Here you find information relating to chelation therapy, its function, uses, application and all that is needed to know about this medical treatment.
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EDTA: Ethylene Diamine Tetra Acetic Acid - A Review by E. Blaurock-Busch, published in Occupational Medicine & Health Affairs 2016 4:4
Chelation therapists around the world incorporate EDTA treatments in their daily practice, often unaware of the chemical differences of the various chelating agents. Misunderstandings increase the risk of iatrogenic accidents. This information aims to prevent this.
Original Research Paper publ Jan 2014, British Journal of Medicine and Medical Research:
Comparison of Chelating Agents DMPS, DMSA and EDTA for the Diagnosis and Treatment of Chronic Metal Exposure
The chelating agents most commonly used to treat chronic metal overexposures are DMSA, DMPS and EDTA. We evaluated and compared the effectiveness of each of those chelating agents and statistically determined what metals are best bound. Based on the metal binding capacity and practicality of use, we determined that intravenously applied DMPS is best used as a provocation or mobilization test.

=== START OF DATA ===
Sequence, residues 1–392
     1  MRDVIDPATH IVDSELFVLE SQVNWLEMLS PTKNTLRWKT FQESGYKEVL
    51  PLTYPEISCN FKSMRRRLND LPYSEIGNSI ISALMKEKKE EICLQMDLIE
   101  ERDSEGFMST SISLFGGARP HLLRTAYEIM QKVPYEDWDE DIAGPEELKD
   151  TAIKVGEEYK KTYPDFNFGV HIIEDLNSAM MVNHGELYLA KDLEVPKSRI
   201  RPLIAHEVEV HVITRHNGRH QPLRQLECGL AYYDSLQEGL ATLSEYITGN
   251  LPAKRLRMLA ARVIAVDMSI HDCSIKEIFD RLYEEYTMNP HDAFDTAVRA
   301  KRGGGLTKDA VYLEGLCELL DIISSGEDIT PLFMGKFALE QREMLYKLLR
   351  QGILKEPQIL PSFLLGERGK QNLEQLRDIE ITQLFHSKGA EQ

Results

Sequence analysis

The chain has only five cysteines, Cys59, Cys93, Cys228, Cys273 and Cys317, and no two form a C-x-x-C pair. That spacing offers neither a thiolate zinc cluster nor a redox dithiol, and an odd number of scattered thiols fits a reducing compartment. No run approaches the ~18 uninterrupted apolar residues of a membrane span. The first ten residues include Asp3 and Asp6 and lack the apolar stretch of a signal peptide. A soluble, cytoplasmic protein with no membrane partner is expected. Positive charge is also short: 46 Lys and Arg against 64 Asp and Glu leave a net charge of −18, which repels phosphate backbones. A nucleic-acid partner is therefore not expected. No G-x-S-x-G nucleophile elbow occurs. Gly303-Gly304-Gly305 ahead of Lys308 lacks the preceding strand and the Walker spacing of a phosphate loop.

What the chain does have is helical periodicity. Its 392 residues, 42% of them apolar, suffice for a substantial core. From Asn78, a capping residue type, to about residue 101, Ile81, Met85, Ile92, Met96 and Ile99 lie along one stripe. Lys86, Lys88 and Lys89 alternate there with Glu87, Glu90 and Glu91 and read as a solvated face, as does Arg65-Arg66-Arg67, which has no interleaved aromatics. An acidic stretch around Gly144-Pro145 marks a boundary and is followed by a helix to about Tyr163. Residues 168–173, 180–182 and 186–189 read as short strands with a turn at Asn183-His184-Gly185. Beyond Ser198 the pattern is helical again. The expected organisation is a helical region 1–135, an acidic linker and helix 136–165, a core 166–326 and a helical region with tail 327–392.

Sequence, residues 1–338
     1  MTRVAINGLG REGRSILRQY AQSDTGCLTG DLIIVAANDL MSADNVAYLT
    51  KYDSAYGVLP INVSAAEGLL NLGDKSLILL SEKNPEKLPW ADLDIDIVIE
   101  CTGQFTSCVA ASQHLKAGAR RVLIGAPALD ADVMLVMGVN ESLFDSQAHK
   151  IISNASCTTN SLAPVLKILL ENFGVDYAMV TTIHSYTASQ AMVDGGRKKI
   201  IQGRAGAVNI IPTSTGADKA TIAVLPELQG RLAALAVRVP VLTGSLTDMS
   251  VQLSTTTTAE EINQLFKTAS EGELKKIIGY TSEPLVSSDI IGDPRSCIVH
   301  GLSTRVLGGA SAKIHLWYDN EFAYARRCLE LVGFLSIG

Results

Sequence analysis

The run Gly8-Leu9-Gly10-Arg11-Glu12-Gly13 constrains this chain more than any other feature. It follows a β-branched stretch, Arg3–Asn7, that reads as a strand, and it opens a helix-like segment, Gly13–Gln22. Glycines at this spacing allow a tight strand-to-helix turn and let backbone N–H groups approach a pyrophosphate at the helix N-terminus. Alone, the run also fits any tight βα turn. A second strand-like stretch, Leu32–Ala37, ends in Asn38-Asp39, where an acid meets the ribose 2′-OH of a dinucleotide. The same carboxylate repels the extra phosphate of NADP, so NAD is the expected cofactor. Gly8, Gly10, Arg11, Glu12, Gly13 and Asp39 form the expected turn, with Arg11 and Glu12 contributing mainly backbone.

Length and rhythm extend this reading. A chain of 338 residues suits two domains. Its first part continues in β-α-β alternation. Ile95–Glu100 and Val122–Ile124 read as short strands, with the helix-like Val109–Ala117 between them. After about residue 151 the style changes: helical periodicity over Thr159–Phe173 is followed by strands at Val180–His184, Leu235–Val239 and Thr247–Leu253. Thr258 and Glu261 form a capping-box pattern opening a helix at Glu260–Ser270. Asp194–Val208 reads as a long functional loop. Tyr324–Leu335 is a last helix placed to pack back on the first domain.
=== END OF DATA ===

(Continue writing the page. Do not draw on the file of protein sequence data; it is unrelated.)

At present, it is assumed that the application of higher amounts of a chelating agent increases metal binding and thus the detoxification process. This does not seem to be the case. The manufacturer of DMPS (Dimaval), Heyl Berlin published data that indicate that for instance 2 or more ampules of DMPS intravenously applied do not result in double binding.
The same principle applies to other chelating agents. For example, when comparing 500mg to 1000mg DMSA applied orally, results do not increase as expected.
Study data and statistics are included.
Full article (in German only):
The randomized, double-blind trial of NaMgEDTA Chelation provided surprising benefits for patients who had suffered at least one Myocardia Infarct (MI) and was particularly beneficial to increase circulation in diabetics, Dr. Gervasio Lamas of the Mount Sinai Medical Center, Miami Beach, Fl. stated.